5 Lent B—3/22/15
Jeremiah 31:31-34; Psalm 51:1-12; Hebrews 5:5-10; John 12:20-33
Pr. Scott Kramer
When we moved from Seattle to Fargo back in the late 90s my wife and I had some adjustments to make. Culture, the demands of her training and climate were all factors.
Today marks the second full day of spring. Even here in Washington where the weather is milder the seasons change and we gradually make adjustments to those changes: Our wardrobes change. Our routines may change. We might spend more time outside.
In North Dakota, of course, the seasons are more extreme. The summers, for example, are hotter and more humid. But it’s North Dakota’s winter that gets the attention, and rightly so. Winter in North Dakota is a long season. The last average frost date is Memorial Day!
So people who live in North Dakota have a choice. Either they resent and resist the winter or they make the most of it. We chose to do like the locals and make the most of it. We bought skates and went ice skating. We tried snowshoeing and cross-country skiing. We even went dog sledding. My favorite winter activity was ice fishing!
We all know that seasons are a part of life. They are mostly out of our control; they come our way whether we want them to or not. There’s the rhythm of four seasons in the natural world. (Even tropical regions have at least two seasons, “the wet” and “the dry.”) And, of course, there are seasons we all experience in the course of a lifetime: birth, childhood, youth, adulthood, and older age among them.
There is nothing new in all this and it’s written maybe most clearly in the Book of Ecclesiastes, chapter 3: For everything there is a season, and a time for every matter under heaven: a time to be born, and a time to die; a time to mourn and a time to dance… The writer goes on to describe various seasons that come our way, some joyful, others tragic, some painful.
In John’s gospel Jesus picks up the theme, as he often does, with images from the natural world: Unless a grain of wheat falls into the earth and dies, it remains just a single grain; but if it dies, it bears much fruit. Those who love their life lose it, and those who hate their life in this world will keep it for eternal life.
This language of loving and hating life may seem strange to us. But clinging to one season can delay our inevitable movement into the next and sometimes leads to a lot of unnecessary suffering. Jesus knew toward the end of his life that he would soon face death. As he ponders his own future, he says, Now my soul is troubled. And what should I say—“Father, save me from this hour”? No, it is for this reason that I have come to this hour. Some might call this resignation. I call it faith. Jesus sees the presence of God, even in his darkest hours.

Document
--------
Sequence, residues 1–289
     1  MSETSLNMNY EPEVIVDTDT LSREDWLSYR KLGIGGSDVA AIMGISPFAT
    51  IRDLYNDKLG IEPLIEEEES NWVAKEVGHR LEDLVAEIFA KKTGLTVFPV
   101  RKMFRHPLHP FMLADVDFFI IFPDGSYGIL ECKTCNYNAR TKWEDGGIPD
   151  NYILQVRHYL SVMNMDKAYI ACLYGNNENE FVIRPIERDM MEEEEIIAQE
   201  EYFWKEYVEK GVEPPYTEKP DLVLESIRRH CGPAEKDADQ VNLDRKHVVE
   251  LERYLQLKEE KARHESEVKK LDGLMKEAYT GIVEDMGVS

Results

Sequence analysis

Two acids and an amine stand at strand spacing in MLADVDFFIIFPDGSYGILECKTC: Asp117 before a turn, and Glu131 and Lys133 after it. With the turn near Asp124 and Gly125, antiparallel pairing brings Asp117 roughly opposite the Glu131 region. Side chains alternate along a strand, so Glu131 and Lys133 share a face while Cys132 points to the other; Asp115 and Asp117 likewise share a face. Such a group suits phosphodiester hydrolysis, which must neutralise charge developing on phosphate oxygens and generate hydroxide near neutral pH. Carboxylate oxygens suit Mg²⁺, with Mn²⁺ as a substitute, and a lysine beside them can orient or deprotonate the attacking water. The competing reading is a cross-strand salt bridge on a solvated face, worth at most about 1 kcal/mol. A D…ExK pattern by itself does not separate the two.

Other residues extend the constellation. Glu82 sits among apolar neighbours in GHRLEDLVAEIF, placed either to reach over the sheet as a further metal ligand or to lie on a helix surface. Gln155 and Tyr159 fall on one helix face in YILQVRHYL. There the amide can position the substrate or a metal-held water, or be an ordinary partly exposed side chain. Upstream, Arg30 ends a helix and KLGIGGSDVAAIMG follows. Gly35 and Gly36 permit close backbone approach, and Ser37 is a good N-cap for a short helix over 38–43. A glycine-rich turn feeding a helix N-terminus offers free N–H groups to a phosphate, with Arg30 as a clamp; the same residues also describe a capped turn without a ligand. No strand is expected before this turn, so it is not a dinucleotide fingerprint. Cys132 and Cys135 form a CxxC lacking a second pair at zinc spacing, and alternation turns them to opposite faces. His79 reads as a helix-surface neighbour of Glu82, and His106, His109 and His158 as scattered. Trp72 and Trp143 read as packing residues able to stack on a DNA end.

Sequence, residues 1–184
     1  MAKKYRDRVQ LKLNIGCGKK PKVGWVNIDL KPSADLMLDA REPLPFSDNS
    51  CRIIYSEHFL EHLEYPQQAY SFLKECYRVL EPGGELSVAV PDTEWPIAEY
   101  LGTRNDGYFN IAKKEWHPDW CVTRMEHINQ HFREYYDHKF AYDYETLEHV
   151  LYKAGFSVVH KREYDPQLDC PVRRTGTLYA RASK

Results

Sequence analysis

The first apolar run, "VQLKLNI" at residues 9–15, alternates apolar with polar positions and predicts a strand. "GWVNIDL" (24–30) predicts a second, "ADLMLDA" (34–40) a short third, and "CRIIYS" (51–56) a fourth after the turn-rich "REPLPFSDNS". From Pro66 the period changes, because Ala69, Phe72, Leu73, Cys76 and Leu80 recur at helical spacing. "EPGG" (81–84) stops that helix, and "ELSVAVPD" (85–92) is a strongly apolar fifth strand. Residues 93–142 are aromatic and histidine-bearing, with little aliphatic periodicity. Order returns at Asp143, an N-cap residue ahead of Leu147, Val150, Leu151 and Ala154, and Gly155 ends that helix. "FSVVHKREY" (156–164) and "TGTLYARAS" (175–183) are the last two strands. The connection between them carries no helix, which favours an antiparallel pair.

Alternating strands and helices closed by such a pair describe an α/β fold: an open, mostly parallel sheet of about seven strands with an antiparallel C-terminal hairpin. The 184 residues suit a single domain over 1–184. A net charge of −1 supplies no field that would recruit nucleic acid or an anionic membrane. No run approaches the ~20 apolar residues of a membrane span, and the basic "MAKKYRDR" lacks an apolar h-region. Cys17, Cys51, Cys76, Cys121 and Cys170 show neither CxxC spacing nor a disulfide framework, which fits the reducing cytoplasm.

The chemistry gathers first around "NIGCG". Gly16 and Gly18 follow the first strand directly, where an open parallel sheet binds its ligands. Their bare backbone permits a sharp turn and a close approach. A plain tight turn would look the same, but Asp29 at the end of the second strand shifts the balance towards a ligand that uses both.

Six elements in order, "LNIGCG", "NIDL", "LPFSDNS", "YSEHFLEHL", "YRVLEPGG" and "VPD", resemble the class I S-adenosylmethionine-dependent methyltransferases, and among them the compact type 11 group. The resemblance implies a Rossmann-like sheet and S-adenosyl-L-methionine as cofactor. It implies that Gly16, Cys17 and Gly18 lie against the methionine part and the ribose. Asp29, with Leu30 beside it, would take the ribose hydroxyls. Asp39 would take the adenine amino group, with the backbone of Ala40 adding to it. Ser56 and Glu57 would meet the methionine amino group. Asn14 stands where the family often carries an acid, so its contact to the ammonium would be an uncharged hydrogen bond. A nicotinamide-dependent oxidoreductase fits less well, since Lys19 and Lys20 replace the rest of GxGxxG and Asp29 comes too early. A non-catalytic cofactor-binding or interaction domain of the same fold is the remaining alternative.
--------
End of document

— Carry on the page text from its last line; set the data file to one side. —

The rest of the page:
Sometimes we find ourselves in seasons that we would dearly love to escape. But whether the season of our lives is one we love or hate, we are tempted to cling to the season we’re in for fear of not knowing what season might follow.
So imagine living in Fargo and loving winter—loving it so much that you wear long underwear, hat, gloves, boots and scarf through the winter, and then continue to bundle up into April, May, June, July, August. That would be uncomfortable—some might even say foolish! Or, imagine in that same climate loving summer so much that you continue to wear shorts and T-shirts outdoors into North Dakota’s November, December, and January. At that point it becomes more than just foolish; it becomes a threat to one’s health and maybe one’s life.
Resisting certain seasons of our lives is one choice. A different path is the way Jesus chose, and that is to look for God in whatever season we find ourselves. Who knows–God may even in the moment be giving us hints of a way through one season and into the next, not as an escape but as an opportunity to learn and to grow.
Again, in John’s gospel Jesus says, Those who love their life lose it, and those who hate their life in this world will keep it for eternal life. When we hear the word “eternal” we might think “everlasting.” But can you think of anything in your life that never changes?